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Leaf clip on chimpanzee vocalization during alpha takeover

Penelitian - Non-human primates accumulate gestures, facial expressions, and vocalizations in various ways to communicate effectively. Scientists from the Max Planck Institute for Evolutionary Anthropology in Leipzig report to PeerJ where chimpanzees (Pan troglodytes verus) use new tool signals when alpha men take over the leadership.

Two researchers reported a signal of leaf clippings that resurfaced in wild chimpanzees during alpha takeover at Taï forest in Côte d'Ivoire. This movement is only produced by adult male chimpanzees that precede vocalization and is associated with acoustic changes in the call.

Penelitian Leaf clip on chimpanzee vocalization during alpha takeover

"This is a rare example of the use of tools in a communicative context and has been proposed to be a culture that varies in meaning within different chimpanzee social groups," says Ammie Kalan.

Kalan and Christophe Boesch became the first researchers to report how leaf clip movements and vocalizations were associated with acoustic changes in calls within the chimp's communication complexity. Detailed acoustic analyzes of vocalizations and behavioral observations show that leaf clippings increase acoustics in drum beats and lower frequencies.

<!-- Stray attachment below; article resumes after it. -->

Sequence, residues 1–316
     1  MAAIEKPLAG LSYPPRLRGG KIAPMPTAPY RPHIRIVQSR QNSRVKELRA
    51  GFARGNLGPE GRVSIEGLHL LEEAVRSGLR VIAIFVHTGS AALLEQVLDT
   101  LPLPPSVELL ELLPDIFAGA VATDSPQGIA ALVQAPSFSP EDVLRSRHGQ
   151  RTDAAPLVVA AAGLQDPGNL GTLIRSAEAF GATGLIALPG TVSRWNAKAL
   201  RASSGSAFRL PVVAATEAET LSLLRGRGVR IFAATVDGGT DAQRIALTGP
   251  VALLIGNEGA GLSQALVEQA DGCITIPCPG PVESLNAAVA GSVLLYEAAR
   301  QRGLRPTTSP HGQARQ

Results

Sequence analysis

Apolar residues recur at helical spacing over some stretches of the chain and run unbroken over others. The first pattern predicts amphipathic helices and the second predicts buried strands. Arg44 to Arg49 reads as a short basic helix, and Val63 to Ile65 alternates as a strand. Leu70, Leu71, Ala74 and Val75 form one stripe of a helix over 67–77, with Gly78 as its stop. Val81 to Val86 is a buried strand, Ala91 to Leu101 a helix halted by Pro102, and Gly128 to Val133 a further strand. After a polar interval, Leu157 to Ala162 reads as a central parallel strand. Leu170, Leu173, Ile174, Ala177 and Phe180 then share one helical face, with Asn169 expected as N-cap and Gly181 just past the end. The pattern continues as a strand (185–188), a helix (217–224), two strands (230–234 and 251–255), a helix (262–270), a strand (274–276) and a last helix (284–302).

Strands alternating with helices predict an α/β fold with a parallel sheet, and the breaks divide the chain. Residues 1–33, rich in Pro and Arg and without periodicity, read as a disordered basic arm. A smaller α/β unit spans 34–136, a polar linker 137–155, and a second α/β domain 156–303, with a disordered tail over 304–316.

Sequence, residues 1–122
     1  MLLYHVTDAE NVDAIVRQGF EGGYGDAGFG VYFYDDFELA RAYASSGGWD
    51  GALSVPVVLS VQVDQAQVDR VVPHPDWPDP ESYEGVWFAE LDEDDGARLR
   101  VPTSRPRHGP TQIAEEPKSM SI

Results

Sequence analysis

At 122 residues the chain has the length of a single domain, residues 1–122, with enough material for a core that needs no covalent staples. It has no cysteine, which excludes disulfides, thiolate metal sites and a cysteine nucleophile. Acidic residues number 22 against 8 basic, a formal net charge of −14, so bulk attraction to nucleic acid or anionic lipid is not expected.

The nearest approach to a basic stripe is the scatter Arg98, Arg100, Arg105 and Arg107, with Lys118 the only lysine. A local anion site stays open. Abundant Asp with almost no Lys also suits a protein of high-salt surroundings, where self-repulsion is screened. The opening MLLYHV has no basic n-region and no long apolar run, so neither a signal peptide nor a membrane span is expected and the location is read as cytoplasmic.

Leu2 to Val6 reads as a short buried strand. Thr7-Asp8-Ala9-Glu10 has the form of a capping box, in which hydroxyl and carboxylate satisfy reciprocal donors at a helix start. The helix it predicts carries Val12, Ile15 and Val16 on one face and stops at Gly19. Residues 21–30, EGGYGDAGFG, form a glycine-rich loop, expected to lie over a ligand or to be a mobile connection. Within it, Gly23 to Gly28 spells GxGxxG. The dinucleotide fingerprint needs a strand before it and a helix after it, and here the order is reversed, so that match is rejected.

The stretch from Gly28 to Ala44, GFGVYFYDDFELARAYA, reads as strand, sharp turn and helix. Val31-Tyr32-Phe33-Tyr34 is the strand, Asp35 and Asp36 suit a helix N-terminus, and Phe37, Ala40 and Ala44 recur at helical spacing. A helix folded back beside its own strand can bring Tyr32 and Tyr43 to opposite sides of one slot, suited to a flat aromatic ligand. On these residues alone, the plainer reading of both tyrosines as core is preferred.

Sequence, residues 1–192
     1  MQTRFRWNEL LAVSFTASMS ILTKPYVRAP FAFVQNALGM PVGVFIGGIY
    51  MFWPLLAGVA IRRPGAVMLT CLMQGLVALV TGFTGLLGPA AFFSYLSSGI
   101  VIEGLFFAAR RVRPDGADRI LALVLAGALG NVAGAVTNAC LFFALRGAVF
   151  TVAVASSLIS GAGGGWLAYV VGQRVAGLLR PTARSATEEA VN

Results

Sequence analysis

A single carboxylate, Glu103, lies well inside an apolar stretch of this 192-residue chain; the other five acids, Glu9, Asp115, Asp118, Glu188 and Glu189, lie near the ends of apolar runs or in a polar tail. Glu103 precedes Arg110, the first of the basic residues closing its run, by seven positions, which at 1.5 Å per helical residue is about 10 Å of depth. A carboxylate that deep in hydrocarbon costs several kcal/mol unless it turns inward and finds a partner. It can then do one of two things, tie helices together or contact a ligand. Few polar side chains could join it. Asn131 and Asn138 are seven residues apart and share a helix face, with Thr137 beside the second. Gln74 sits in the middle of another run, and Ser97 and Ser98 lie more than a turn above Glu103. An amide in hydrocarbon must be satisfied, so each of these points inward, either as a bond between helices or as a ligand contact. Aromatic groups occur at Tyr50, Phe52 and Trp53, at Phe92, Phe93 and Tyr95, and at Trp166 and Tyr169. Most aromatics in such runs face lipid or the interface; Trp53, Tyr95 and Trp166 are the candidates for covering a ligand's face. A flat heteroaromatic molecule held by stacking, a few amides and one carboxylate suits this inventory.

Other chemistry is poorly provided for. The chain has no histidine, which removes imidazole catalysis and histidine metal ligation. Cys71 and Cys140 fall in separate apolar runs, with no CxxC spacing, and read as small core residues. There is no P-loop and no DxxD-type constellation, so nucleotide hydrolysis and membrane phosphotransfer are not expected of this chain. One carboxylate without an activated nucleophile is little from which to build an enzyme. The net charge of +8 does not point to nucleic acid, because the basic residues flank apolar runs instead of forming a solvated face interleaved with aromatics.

"We can not confirm the exact mechanism because leaf clippings did not occur at the same time but immediately before that. We think the leaf clippings may reappear in this group because of the passion and high aggression in the group during the peak time of the competition," Kalan said.

The researchers also noted the males looked socially frustrated and stressed during this period of instability hierarchy where leaf clippings may have helped alleviate some of these effects. Kalan and Boesch suggest opening this phenomenon further to other chimpanzee groups and examining the associated mechanisms.

"Often, chimpanzee males in Taï combine drums in which individual vocal and physical vigor are demonstrated.The male display is most likely an important signal to maintain competition during periods of hierarchical instability. Leaf clippings reappear in this group," Kalan said.

"This study adds to our understanding of the complex nature and multilevel communication in wild chimpanzees, especially the combination of signals, movement and vocalization as a powerful way to gain communicative flexibility," Kalan said.

Journal : Ammie K. Kalan and Christophe Boesch. Re-emergence of the leaf clip gesture during an alpha takeover affects variation in male chimpanzee loud calls, PeerJ, June 28, 2018, DOI:10.7717/peerj.5079



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